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cmacb's Journal: Return of the Server

Journal by cmacb

IBM Dreams of Pushing Microsoft Off the Desktop and Stomping its Clinging Fingers (LinuxWorld): "The Workplace Client Technology costs $24 a head a year; the Workplace Messenger and Workplace Document are $29 apiece for each user over three years. IBM is also going to charge $2 a month to support the servers. The price drops in large volumes."

Now, if this happens, IBM will be aiming the products at business users. But at those per-seat costs, Google, or Yahoo could offer them to everyone... as FREE services, supported by advertising.

This notion of centralizing applications (and the data that goes with them) back on a server where they belong (because on the server they are relatively safe from viruses, backed up daily, and can be accessed from anywhere on the net), first surfaced several years ago as the thin-client initiative, promoted among others, by Larry Elison of Oracle. That initiative failed, mainly due to the fact that vendors of the hardware got greedy, often offering the "thin-client" devices at a cost HIGHER than the standard PC they would be replacing. Needless to say, potential customers were not impressed.

Since then, the idea has surfaced again, about two years ago, when a company called Citrix was demonstrating the possibility of running Windows desktops in a window on Linux, and other Unix machines, or in a web browser interface on just about any computer equipped with a web browser. The system worked so well that Microsoft promptly paid Citrix for rights to use the product themselves, afterwhich, the idea suddenly stopped getting mentioned much by either Citrix or Microsoft. Conspiracy theory anyone?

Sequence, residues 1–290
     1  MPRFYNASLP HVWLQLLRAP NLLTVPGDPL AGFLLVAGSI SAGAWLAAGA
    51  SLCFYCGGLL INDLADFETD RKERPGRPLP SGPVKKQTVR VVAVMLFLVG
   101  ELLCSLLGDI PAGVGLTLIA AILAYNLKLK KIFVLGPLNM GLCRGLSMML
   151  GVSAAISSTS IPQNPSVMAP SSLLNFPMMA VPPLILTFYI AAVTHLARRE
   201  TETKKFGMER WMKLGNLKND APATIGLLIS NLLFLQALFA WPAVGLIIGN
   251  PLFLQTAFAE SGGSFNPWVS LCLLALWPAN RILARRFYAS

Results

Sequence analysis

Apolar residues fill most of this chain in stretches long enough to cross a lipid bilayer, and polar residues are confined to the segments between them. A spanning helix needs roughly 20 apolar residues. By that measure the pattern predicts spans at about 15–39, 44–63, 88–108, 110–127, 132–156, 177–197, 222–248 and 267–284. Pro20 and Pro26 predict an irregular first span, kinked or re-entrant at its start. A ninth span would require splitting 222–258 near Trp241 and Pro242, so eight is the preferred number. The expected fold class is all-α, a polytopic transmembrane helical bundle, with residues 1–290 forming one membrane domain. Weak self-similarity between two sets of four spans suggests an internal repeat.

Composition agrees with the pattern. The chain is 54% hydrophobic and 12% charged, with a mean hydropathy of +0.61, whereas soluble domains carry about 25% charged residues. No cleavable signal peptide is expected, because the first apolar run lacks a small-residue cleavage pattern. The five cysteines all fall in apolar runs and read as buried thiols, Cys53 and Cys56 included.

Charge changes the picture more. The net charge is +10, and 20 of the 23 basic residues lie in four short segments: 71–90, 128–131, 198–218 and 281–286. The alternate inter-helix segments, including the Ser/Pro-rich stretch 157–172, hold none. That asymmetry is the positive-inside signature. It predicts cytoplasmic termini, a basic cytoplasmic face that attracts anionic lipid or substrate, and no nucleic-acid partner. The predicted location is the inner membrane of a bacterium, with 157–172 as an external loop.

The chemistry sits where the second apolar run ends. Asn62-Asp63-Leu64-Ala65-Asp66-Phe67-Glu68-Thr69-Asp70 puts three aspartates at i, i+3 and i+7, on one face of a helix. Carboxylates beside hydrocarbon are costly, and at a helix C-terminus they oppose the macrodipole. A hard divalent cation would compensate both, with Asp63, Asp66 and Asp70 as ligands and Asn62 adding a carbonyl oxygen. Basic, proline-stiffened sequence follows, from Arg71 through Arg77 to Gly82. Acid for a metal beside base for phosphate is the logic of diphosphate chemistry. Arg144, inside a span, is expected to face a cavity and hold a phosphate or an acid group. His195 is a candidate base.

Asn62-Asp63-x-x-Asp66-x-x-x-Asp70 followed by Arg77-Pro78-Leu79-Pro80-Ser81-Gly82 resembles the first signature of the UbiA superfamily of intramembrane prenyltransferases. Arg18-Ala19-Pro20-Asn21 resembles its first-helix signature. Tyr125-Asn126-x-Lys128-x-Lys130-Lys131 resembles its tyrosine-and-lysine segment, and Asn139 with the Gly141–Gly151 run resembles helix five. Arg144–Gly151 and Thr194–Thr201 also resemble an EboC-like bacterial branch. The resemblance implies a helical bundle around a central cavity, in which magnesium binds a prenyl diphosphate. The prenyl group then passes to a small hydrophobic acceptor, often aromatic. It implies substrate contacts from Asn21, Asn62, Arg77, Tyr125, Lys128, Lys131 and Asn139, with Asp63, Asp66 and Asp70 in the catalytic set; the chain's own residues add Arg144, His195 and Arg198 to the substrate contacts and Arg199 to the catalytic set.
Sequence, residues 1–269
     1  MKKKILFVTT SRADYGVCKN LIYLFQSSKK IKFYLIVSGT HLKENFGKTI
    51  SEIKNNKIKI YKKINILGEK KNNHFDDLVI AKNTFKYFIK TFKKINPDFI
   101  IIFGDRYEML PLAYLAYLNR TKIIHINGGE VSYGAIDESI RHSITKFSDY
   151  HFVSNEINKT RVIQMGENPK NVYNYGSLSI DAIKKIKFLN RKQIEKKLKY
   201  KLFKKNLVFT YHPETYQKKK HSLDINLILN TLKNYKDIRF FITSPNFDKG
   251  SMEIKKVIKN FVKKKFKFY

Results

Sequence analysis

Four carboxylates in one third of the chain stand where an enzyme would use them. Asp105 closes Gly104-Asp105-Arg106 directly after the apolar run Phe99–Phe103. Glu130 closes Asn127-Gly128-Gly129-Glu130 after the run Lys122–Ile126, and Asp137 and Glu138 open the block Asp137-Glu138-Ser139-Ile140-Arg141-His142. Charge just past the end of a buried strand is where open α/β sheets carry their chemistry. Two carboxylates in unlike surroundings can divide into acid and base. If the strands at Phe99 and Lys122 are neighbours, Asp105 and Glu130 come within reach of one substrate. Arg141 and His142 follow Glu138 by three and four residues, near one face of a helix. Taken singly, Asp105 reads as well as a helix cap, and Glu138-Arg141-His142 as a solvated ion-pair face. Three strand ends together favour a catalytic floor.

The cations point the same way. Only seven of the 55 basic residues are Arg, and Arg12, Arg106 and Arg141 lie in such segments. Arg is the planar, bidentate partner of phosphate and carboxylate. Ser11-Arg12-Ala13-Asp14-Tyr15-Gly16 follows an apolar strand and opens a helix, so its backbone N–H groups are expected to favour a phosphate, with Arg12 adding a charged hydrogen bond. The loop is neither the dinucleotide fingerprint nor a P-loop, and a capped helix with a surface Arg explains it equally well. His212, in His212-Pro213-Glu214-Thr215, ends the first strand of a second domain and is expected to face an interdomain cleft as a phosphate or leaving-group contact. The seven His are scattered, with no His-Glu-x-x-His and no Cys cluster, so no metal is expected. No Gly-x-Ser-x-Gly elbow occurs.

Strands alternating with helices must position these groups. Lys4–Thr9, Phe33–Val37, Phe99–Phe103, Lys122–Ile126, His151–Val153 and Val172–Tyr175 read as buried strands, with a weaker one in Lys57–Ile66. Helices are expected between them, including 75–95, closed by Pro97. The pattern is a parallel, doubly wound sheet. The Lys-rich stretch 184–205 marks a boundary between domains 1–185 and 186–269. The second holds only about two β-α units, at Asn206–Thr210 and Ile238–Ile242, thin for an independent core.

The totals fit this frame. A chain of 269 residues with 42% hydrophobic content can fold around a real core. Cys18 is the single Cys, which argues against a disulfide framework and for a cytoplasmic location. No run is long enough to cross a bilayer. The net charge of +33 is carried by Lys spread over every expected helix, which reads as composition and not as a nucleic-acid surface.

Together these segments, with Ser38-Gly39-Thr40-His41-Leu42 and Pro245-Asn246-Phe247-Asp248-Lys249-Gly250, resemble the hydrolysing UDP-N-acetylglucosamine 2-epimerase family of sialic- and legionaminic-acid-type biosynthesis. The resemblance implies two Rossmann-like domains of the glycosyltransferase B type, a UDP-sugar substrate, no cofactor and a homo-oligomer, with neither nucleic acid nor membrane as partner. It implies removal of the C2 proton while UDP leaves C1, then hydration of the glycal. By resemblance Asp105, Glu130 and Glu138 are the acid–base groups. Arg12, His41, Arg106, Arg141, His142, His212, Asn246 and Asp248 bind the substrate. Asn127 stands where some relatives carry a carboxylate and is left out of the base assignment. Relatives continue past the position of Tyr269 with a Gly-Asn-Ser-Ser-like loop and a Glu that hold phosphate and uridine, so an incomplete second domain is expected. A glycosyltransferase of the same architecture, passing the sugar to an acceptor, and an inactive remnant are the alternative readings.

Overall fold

Whereas the above concept would have continued to result in licensing charges being paid to Microsoft for each client system, these new initiatives don't involve Windows at all. Will this prompt Microsoft to pull the Citrix rabbit back out of that hat? Let's hope so. Maybe they too can offer Word and Excel usage for free to MSN subscribers. The average home user, the kid in high school doing a book report, and many dunderheads in business and industry are not nearly sophisticated enough to need a $400 word processing package. They don't do backups, they don't know about firewalls, and can't be trusted to update their virus scanners. The world needs a newer and safer paradigm for computing. Microsoft has proven that they can't secure Windows no matter how hard they try. Time to give up, all of us, and try something else. Server side computing is the way to go, and if Microsoft wants to play, welcome to the party.

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Return of the Server

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